by Ronald T. Potter-Efron and Patricia S. Potter-Efron
New Harbinger, 2006
Review by Leo Uzych, J.D., M.P.H. on Sep 4th 2007
Letting Go of Anger, Second Edition, doughtily tackles the difficult task of effectual anger management. Coauthor Dr. Ronald T. Potter-Efron is a psychotherapist in private practice, specializing in anger management; remaining coauthor Patricia S. Potter-Efron is a clinical psychotherapist. Potter-Efron and Potter-Efron ardently espouse the view that anger is a natural emotion bound indissolubly to being human. Displaying exemplary adeptness, Potter-Efron and Potter-Efron craftily etch the distinguishing features of eleven distinctive styles of anger, and shine luminous light on things that can be done to possibly overcome problematic aspects of the respective anger styles. A careful reading of this enlightening self help book, styled informally in plain English fashion, may considerably help the reader learn to let go of unhealthy parts of anger.
The core issue of interest to Potter-Efron and Potter-Efron is how people manage their anger. To garner fuller understanding of this cardinal interest, Potter-Efron and Potter-Efron have selectively chosen to describe eleven distinct anger styles. Separate chapters are devoted to a deftly revealing dissection and examination of each of the eleven styles of anger, which are clustered into three main groups: masked, explosive, and chronic anger styles.
The cluster of three anger styles subsumed in the grouping of "masked" anger styles envelop: anger avoidance, sneaky anger, and anger turned inwards. The group of four "explosive" anger styles encompass: sudden, shame based, deliberate, and excitatory anger. The remaining group of "chronic" anger styles is comprised of the fourfold cluster of: habitual hostility, paranoia (fear based anger), moral anger, and, lastly, resentment/hate.
Potter-Efron and Potter-Efron embace the view that the eleven anger styles described in the book have positive features as well as problematic aspects. And a strong emphasis of the book is an insightful and informative examination of positive and negative components of the respective anger styles. In fleshing out the bones of the eleven anger styles, Potter-Efron and Potter-Efron show much erudition. Engaging discourse focusing on perceived benefits and flaws of the variant anger styles is coupled tightly with multitudinous suggestions intended to help overcome challenges presented by each of the eleven anger styles with regard to handling anger well. There are, additionally, several "exercises" described for the reader, which are anchored in design to efficacious management of anger.
But some critics may question the wisdom and real life utility of attempting to self learn the hard earned skill of handling anger well by reading a book. With no desire to be churlish, critical readers may opine that many of the suggestions made by Potter-Efron and Potter-Efron, although intended laudably to help readers handle their anger well, are rather vague, and actually insufficiently specific to a degree substantially diminishing their real life import. And some of the suggestions, at least arguably, are a bit quirky in nature. Overall, the multitude of suggestions may be faulted by some for failing to provide a comprehensively detailed blueprint with respect to handling anger well. Persons with anger management issues may, instead, do better if they sought out the counsel of qualified professionals in the area of anger management. Likewise, those skeptical of a self help approach to overcoming anger related problems may admonish that the exercises described by Potter-Efron and Potter-Efron are an inadequate substitute for the advice of expert professionals.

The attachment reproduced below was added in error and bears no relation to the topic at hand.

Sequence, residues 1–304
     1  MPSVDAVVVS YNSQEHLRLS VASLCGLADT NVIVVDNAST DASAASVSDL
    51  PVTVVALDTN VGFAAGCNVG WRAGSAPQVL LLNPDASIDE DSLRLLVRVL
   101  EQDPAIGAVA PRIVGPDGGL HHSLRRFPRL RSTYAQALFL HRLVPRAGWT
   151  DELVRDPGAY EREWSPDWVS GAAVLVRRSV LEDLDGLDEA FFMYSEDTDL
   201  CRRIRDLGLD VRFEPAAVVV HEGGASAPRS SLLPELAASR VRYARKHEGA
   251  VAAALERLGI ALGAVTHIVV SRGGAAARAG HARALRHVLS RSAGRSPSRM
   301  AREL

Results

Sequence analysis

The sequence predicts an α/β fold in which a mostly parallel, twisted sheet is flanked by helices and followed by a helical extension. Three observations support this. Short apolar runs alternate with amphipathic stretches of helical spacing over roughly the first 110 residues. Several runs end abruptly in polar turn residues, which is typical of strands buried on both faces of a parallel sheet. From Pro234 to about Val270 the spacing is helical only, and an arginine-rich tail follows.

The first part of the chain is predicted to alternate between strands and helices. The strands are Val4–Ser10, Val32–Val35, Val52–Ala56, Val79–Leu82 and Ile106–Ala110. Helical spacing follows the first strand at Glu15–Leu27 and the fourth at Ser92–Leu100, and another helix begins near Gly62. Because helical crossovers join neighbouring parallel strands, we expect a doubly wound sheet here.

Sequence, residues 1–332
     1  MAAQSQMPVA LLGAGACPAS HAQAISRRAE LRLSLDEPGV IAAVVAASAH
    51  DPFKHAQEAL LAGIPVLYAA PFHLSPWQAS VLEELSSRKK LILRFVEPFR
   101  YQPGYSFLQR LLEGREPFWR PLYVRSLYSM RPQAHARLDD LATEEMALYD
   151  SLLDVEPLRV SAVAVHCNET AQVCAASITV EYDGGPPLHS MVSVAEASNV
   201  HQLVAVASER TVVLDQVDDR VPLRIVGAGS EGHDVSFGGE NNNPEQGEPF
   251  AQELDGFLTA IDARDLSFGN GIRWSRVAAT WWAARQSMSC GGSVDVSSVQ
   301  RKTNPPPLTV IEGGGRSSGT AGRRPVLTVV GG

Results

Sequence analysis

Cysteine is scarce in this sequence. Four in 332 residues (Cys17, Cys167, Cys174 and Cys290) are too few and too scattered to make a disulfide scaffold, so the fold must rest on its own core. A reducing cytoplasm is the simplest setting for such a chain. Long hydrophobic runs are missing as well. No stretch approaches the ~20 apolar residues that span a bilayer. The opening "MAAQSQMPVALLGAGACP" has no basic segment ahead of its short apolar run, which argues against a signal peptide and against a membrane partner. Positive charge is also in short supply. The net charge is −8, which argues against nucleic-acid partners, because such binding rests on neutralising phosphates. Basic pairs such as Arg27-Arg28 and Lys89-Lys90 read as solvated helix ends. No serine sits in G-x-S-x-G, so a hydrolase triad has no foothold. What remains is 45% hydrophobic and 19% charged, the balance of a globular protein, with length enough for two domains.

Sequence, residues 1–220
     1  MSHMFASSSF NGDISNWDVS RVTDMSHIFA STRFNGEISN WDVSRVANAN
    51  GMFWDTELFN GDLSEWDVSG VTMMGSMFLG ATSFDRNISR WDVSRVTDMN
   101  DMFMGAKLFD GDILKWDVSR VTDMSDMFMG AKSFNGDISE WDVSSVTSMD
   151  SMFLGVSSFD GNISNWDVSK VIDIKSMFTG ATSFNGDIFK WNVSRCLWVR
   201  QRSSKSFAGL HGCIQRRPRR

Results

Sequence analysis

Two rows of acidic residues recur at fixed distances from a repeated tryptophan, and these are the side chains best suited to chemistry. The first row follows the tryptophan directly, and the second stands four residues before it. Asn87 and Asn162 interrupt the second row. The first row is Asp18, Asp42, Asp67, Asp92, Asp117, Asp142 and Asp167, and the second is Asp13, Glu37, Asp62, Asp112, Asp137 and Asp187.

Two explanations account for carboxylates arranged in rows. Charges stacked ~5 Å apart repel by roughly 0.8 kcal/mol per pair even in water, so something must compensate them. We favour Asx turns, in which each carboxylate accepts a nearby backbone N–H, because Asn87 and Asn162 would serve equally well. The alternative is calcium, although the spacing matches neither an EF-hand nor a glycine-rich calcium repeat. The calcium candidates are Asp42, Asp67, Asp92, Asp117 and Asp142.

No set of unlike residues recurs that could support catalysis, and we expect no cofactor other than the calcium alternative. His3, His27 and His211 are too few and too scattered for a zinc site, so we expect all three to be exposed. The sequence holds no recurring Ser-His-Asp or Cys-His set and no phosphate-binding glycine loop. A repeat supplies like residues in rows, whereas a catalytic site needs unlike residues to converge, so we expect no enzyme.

Other issues, of possible critical concern to some, may be identified. The stylistic informality of the book is rather pronounced. Substantively, the lack of academic references dislodges the book's substance from a secure academic mooring. And, in a different vein, it is noteworthy that Potter-Efron and Potter-Efron make small effort to disentangle the knotty strands binding anger, widely ranging faith beliefs, and disparate cultural values.
Notwithstanding a bevy of possible criticisms, Potter-Efron and Potter-Efron certainly warrant many felicitations for their game efforts to grapple helpfully with a thicket of nettlesome problems associated potentially with a selected range of anger styles. The lucidly discerning discourse of Potter-Efron and Potter-Efron is an excellent contribution to the literature on anger, which may help readers get a stronger grip on handling their anger well. The thoughtful musings of Potter-Efron and Potter-Efron may, as well, be of greatly edifying professional interest to, among others: psychologists, psychiatrists, psychotherapists, and social workers.
© 2007 Leo Uzych
Leo Uzych (based in Wallingford, PA) earned a law degree, from Temple University; and a master of public health degree, from Columbia University. His area of special professional interest is healthcare.